Google Real Time Search and Crisis Communications

Everyone who works in crisis communications, or who may experience a crisis, should read this posting.

The science of crisis communications got both faster, and more challenging with the advent of Twitter and the blogosphere.  Citizen journalists can write a posting, or a micro-blog (Twitter) and within moments, their point of view on a topic can be carried along to thousands of other important stakeholders.  In fact, if the posting mentions a publicly traded company, within a few moments a blurb will appear on the Yahoo or Google Finance page of that company with a link back to the blog. 

Up until now, unless one is monitoring for a particular search term on Tweetdeck or Hootsuite or some other type of tool for tracking and organizing tweets, a people may start talking about a new development that can spread with uncanny speed and a crisis can unfold before you know it.

For that reason, tools like Tweetdeck and Hootsuite are essentials for anyone who might experience a crisis in communications, though I wager that few in the pharmaceutical industry are using it to monitor what is being said about their brands or their companies for fear of seeing an adverse event.  Nevertheless, the tools are important for monitoring – proactively to see if anyone mentions you and reactively to track messaging and velocity once a crisis has unfurled and is blowing in the wind.  And, if you were afraid to monitor for what people are saying about your proactively, you may have reason now to be afraid of Googling yourself (that sounds funny doesn't it?).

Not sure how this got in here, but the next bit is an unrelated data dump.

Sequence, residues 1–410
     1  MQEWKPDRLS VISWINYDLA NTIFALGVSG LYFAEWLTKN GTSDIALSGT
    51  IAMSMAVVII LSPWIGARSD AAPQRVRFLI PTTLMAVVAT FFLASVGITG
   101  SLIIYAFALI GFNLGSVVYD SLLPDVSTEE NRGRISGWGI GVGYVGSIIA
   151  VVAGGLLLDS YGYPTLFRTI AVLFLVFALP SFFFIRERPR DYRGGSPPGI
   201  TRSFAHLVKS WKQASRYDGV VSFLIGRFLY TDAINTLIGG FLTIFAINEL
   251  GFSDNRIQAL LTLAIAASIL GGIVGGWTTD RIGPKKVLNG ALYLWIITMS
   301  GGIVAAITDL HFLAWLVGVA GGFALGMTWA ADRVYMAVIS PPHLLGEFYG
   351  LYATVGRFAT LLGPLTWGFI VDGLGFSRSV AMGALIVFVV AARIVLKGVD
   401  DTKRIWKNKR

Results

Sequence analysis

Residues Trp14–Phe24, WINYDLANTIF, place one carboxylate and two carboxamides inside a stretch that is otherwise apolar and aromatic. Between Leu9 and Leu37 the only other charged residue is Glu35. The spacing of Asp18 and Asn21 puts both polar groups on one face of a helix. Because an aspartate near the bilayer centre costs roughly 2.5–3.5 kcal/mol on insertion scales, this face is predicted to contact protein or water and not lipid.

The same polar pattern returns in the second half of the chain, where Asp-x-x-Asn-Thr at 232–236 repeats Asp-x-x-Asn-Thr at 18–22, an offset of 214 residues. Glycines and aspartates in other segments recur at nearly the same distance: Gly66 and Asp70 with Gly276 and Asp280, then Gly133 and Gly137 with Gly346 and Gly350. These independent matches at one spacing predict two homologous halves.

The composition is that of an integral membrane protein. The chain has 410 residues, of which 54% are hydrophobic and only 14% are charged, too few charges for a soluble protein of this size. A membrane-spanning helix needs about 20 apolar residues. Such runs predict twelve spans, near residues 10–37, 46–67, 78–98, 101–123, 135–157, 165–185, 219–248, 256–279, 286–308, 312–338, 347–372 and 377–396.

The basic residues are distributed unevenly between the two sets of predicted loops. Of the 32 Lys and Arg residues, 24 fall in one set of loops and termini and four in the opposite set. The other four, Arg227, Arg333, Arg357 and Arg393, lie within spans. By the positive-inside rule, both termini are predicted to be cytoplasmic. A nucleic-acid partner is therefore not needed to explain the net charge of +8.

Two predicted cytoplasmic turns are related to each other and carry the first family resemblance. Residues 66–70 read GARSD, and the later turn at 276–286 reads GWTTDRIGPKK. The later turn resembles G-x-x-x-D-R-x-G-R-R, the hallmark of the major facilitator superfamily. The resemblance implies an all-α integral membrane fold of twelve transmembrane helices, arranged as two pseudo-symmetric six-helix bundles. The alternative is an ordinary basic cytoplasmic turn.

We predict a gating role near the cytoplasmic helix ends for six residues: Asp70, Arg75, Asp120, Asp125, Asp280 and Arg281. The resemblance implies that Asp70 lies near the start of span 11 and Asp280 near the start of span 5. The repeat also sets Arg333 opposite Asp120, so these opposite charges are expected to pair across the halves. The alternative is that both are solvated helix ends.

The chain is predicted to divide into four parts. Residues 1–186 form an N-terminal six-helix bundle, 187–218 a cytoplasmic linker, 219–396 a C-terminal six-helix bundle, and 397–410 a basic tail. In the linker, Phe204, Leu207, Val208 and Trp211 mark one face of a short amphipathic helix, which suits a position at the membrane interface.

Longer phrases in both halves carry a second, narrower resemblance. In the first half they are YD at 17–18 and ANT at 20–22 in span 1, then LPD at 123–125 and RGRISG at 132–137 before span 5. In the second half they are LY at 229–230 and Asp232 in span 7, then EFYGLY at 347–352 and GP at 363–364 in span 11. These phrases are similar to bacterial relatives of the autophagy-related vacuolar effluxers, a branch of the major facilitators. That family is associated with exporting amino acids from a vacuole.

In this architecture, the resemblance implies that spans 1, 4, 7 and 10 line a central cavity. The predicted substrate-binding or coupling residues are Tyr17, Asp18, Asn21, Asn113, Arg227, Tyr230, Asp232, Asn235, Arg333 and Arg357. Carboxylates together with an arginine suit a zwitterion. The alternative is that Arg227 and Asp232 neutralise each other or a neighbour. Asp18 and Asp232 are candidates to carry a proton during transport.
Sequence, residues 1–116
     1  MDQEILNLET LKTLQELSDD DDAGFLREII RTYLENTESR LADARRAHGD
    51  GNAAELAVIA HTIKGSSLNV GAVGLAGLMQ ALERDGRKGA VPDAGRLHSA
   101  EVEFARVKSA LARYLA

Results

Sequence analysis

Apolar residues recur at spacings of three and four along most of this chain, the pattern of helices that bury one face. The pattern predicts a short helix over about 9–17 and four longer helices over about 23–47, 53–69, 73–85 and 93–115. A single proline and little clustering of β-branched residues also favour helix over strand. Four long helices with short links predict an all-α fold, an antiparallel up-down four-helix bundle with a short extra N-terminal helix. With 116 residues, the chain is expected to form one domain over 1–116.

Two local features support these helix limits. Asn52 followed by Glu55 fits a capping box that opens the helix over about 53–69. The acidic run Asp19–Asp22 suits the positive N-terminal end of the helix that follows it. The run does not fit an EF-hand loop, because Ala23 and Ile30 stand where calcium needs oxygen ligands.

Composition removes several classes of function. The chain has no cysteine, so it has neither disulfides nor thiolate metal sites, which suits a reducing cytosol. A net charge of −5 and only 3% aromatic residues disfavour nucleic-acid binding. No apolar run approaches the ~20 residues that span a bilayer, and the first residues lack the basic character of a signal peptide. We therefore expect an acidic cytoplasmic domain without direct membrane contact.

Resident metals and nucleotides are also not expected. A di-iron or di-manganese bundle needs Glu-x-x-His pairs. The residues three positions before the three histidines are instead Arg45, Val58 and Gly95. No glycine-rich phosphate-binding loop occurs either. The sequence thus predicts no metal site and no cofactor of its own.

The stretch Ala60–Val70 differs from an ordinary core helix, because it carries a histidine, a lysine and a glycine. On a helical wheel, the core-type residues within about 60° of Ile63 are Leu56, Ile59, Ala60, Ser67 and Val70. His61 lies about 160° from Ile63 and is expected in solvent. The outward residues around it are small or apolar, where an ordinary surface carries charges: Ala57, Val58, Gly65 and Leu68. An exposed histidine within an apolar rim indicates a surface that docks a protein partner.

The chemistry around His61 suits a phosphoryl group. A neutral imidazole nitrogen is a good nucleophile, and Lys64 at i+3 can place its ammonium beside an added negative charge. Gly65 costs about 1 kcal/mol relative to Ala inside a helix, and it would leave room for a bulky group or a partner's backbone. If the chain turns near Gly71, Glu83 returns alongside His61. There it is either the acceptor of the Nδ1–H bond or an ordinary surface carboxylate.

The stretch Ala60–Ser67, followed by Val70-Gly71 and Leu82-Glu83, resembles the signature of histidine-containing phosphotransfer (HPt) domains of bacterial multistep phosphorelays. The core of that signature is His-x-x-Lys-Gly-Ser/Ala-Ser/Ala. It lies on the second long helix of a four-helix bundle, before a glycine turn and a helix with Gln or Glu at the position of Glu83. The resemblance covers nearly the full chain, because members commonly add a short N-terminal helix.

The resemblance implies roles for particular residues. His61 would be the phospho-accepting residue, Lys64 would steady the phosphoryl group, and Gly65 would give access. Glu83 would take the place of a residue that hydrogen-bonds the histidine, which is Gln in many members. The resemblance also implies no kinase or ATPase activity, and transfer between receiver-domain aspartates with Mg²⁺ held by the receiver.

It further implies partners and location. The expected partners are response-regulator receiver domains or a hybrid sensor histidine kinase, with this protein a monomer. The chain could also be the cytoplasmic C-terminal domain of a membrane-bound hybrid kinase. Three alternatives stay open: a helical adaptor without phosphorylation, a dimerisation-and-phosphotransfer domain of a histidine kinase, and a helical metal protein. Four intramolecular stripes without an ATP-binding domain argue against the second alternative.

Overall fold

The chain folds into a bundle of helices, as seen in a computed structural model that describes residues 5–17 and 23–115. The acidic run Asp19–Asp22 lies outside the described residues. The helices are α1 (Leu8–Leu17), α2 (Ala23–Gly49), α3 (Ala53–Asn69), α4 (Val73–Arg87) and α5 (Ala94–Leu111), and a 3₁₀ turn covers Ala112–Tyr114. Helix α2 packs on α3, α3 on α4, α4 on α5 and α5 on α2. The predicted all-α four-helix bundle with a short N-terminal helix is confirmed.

That is because there was another innovation unveiled last week from the brilliant folks at Google (and yes, I am a slobbering Google fanatic).  It is called Google's Real Time search and it changes search forever.  That is because now, when you enter a search term into Google, you will be able to view real time entries, as they happen, on Twitter and in the blogosphere and on Web sites as well as on Facebook and MySpace.  

In other words, you have a crisis unfolding.  Let's say it involves one of your products, or your company.  You go to Google and enter in your company's name.  You will be able to see what people are saying about it in real time from multiple sources.  You will capture messaging.  You will see velocity.  You will see identity.  You will quite literally have your finger on the pulse of the crisis.  

It is nothing short of remarkable.  Look at it and change the way you view your crisis communications planning.  The game just changed.

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